checked or diverted from their course at that moment. I am happy to say, however, that as my battalion emerged into the open plain beyond the timber the divided portions joined immediately, and the scattered men rapidly joining their companies, there was not a man missing by the time we were brought to a halt, some 300 yards farther on. To say that both officers and men behaved to my entire satisfaction would hardly express it, and when I consider that less than 70 of the men had ever been under fire before, and that three companies were recruits, besides having nearly 50 recruits scattered through the other companies, their retiring in line of battle in good order from their original position in the corn field, under a brisk fire of shells, over fences and deep ditches, and again, when all felt the day was lost, to maintain their organization while retiring under a severe fire through a tangled underbrush and with other troops rushing through the ranks, may be considered remarkable.
Of my officers I cannot speak too highly, and where all behaved so admirably it is almost impossible and would seem almost partial to name individuals; but I must be allowed to speak of Captain J. P. Wales (acting field officer) and First Lieutenant W. W. Swan (acting quartermaster). Their services during the entire day were invaluable, and to their coolness and persistent efforts I am not a little indebted for the good behavior of the battalion. Captain W. J. Temple, who accidentally came more immediately under my personal observation than the other company commanders, won my admiration by his calm calculation and economy in the use of his ammunition.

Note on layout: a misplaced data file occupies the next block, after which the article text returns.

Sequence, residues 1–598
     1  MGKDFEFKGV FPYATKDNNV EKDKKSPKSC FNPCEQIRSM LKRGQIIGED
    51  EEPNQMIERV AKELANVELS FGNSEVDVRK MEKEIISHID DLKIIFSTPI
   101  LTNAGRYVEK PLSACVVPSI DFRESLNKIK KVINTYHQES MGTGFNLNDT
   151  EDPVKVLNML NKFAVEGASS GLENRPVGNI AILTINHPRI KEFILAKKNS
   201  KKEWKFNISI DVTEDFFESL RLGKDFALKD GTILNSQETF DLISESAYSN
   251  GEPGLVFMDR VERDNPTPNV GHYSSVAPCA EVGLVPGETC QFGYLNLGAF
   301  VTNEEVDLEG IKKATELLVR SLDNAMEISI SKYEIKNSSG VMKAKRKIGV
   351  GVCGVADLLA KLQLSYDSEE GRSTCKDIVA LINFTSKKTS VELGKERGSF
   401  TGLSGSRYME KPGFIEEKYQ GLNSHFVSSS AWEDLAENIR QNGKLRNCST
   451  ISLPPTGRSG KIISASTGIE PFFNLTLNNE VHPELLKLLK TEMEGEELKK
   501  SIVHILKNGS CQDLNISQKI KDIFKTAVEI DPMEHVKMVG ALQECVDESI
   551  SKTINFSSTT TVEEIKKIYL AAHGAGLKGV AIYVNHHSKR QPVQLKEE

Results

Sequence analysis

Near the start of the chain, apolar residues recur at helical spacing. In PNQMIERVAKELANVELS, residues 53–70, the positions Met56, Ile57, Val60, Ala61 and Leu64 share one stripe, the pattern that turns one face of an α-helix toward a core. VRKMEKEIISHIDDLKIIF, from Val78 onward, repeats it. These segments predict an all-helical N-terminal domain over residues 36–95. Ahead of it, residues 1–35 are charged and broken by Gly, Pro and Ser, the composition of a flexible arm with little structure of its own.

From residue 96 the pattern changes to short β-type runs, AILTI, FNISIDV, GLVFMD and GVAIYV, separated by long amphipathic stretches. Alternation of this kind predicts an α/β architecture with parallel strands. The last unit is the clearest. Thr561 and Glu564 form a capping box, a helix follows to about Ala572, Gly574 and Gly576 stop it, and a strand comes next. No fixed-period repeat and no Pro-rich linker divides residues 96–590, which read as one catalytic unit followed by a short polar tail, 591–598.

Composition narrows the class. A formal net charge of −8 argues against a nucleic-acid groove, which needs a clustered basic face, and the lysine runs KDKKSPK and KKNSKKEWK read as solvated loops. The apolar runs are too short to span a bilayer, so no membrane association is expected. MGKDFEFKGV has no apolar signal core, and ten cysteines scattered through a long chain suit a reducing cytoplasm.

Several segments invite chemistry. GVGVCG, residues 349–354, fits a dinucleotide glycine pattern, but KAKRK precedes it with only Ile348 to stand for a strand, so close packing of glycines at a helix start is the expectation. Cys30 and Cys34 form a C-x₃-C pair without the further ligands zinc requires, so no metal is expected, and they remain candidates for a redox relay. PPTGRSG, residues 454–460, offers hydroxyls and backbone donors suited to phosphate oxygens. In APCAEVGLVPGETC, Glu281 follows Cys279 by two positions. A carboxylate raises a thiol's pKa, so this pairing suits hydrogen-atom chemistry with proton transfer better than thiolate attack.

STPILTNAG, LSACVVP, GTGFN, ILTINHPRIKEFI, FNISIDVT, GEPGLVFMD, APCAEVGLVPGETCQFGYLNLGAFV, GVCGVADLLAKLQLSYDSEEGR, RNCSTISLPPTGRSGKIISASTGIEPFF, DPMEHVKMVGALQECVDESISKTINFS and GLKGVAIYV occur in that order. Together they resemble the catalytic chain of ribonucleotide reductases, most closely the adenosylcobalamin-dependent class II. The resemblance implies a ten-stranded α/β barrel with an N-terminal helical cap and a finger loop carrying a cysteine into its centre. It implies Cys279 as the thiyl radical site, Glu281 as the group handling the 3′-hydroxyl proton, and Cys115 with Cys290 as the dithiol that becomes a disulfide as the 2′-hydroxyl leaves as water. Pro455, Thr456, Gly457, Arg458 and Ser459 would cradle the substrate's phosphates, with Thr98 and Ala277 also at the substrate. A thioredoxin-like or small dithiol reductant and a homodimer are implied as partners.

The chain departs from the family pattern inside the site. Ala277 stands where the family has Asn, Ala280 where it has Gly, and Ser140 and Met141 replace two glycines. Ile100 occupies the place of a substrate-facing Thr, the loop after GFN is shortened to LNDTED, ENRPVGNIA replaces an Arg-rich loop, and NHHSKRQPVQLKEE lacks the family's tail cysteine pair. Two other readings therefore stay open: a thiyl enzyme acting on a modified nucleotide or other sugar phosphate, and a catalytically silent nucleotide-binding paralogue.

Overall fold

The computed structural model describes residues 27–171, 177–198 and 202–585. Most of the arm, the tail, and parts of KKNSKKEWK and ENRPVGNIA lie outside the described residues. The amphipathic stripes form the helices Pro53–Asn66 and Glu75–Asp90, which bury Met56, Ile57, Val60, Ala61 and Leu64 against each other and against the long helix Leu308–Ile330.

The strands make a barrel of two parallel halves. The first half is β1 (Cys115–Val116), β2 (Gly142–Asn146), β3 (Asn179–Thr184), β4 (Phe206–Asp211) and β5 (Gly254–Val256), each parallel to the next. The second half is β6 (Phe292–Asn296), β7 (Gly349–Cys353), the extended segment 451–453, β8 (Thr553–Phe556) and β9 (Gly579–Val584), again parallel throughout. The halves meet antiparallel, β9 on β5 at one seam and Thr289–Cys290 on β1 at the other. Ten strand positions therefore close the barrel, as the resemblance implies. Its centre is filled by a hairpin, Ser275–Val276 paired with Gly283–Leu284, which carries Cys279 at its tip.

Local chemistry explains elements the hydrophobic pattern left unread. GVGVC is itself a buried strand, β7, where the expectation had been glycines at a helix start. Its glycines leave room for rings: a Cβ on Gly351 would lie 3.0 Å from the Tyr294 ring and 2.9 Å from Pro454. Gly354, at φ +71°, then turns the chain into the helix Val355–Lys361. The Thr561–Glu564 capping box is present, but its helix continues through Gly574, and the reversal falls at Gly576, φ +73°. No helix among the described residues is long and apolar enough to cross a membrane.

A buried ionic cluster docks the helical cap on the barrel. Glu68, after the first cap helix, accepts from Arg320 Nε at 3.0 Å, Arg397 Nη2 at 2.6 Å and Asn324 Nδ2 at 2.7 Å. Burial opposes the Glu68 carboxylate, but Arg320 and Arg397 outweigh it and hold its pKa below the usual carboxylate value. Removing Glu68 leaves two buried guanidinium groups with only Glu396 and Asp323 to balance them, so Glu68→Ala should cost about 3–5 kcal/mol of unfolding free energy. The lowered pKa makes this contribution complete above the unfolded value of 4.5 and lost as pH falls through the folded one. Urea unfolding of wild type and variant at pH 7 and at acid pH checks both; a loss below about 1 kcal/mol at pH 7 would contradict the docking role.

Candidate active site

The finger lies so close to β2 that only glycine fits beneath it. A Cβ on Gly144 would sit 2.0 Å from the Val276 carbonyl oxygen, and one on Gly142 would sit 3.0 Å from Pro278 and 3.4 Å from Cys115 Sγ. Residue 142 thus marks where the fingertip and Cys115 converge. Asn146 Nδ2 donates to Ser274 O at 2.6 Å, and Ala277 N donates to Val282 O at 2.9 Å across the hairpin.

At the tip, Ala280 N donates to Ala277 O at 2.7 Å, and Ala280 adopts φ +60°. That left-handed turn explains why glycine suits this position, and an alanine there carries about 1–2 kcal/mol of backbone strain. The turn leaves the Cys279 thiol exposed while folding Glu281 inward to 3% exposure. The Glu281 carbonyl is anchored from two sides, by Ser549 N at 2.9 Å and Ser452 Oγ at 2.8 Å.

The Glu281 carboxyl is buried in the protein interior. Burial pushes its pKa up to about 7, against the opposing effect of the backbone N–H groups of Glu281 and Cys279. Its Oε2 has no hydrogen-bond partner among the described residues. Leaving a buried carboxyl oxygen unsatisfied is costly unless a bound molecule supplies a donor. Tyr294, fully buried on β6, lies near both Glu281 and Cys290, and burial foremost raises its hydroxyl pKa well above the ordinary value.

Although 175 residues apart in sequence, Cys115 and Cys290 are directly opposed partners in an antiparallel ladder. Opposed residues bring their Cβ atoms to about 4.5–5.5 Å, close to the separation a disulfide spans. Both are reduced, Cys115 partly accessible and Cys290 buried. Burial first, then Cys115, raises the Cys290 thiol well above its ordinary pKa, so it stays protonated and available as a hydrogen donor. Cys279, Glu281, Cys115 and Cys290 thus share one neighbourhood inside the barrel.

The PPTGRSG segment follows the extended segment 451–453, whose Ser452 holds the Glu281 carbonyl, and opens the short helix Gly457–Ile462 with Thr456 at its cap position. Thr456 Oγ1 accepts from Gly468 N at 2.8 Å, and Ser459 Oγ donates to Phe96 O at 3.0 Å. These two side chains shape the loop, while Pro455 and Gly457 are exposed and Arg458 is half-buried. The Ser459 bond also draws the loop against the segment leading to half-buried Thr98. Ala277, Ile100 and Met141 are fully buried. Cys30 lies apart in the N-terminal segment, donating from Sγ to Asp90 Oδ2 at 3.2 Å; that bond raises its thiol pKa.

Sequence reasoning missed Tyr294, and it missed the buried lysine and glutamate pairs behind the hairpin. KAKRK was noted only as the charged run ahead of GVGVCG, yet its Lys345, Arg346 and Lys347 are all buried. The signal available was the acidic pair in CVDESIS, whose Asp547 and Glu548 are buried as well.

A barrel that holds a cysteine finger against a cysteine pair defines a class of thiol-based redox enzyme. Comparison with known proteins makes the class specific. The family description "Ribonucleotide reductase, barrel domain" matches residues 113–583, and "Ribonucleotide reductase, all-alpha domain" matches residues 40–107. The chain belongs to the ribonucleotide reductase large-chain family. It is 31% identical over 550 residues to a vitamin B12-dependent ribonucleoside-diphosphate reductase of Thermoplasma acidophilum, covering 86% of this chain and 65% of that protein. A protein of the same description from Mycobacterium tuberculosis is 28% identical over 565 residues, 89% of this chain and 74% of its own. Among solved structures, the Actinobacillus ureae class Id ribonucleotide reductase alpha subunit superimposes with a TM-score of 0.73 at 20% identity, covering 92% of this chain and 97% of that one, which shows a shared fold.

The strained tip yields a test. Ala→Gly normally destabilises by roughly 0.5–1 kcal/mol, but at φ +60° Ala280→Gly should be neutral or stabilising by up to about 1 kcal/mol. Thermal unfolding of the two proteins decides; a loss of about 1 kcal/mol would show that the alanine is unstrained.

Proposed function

Below I append a list of my casualties,* also the number of men who went into the action. I have employed my best efforts to select correctly those men whose behavior appears to entitle them to honorable mention; also those whose other qualifications, together with gallant conduct, would seem to fit them for the position of second lieutenant. Each class will be found under its appropriate head.
Trusting the conduct of myself and battalion will meet with the approbation of my commanding officers, I am, sir, very respectfully, your obedient servant,
GEORGE L. ANDREWS,
Major, Seventeenth Infantry, Commanding.
Lieutenant E. E. SELLERS,
Actg. Asst. Adjt. General, Second Brigade, Sykes' Division.
Numbers 113. Report of Colonel Gouverneur K. Warren, Fifth New York Infantry, commanding Third Brigade, of the battle of Bull Run.
HEADQUARTERS THIRD BRIGADE, SYKES' DIVISION, September 6, 1862.
SIR: I take leave to present herewith a sketch+ of the field of action of the 30th of August, as it appeared to me, with an account of what I witnessed and the part sustained by my brigade, consisting of the Fifth New York Volunteers, about 490 strong, and the Tenth New York Volunteers, about 510 strong. Different parts of the sketch are referred
*Embodied in revised statement, p. 260.